Brussels (Brussels Morning) The European Environment Agency (EEA) is calling on the EU to take a more ambitious approach to promoting sustainable agriculture in the upcoming Common Agricultural Policy.
In a report published today, the EEA defends the need for increased sustainable agricultural management practices in view of the need to improve the state of water and biodiversity. The report also recommends that the EU should prioritise funding for sustainable agriculture in its strategic plans when dealing with agriculture.
Re-thinking management practices
In practice, the shift towards a commitment to sustainable agriculture should include broader adoption of management practices based on agro-ecological principles, organic farming and nature-based solutions. This approach entails minimal to no tillage at all, increasing the content of organic matter to ensure higher levels of nutrient efficiency and limiting the use of pesticides, among others.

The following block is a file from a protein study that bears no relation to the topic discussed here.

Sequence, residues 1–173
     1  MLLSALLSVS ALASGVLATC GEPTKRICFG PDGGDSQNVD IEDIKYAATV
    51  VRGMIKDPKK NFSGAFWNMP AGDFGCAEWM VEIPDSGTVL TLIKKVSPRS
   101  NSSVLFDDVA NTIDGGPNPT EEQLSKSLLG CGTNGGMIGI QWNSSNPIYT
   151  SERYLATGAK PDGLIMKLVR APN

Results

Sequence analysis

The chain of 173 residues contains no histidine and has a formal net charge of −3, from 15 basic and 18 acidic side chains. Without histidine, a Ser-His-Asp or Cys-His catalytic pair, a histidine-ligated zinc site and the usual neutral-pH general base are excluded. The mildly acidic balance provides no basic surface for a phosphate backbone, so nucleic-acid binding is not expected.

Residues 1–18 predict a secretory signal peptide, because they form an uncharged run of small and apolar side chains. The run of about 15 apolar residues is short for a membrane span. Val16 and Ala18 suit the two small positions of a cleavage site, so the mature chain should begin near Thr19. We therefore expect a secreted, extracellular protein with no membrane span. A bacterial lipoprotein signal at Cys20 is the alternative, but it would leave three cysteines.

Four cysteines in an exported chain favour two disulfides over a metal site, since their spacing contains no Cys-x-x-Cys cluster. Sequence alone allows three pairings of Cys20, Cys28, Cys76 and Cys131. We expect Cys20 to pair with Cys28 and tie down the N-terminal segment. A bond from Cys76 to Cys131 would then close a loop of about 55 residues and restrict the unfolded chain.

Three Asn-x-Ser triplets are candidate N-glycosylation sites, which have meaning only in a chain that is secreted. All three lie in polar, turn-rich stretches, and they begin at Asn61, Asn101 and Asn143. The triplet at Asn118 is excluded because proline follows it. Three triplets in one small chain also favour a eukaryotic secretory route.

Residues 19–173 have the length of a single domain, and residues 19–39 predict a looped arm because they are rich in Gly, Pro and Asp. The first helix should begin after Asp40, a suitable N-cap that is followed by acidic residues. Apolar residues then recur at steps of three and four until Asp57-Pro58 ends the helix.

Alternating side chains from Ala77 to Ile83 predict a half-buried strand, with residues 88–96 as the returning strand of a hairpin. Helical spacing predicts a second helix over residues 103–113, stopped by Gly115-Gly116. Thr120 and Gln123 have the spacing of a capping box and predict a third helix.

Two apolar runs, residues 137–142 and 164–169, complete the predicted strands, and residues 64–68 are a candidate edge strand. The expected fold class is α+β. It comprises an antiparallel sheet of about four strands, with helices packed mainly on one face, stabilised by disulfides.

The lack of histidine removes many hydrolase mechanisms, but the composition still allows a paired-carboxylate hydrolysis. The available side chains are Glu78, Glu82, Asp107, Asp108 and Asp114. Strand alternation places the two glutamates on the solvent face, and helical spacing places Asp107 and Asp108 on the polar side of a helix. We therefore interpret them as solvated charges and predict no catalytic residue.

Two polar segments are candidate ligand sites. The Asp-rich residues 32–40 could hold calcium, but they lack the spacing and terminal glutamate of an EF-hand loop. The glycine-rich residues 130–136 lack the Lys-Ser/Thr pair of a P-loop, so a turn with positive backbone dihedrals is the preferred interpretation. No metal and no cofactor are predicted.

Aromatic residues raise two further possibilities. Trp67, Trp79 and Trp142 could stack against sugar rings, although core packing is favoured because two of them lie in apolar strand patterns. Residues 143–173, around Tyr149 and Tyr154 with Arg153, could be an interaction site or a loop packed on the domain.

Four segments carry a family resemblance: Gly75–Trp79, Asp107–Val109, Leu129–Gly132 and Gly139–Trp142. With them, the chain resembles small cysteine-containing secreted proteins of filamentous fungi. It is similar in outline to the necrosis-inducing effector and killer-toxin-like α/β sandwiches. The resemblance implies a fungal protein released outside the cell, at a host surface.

“Such practices have multiple sustainability benefits, reducing pressures on water, while also reducing greenhouse gas emissions, and enhance the long-term resilience of agriculture to climate pressures and benefit biodiversity”, the EEA states.
The agency also defends the implementation and integration of EU policies, such as the initiatives associated with the European Green Deal, including the biodiversity 2030, the farm-to-fork strategy and the recently announced climate adaptation strategy.
Finally, the EEA argues for a more holistic approach to facilitate the transition towards sustainable agriculture. “Achieving the reductions needed to reach water and other environmental targets requires a combined approach — changing both agricultural practices and consumer demands — which is supported by a transition in food and energy systems”.
However, critics of sustainable agriculture claim that its methods result in lower crop yields and higher land use, according to a recent report in the National Geographic.
Opponents maintain that a wholesale commitment to sustainable practices will mean inevitable food shortages for a world population expected to exceed 8 billion by the year 2030.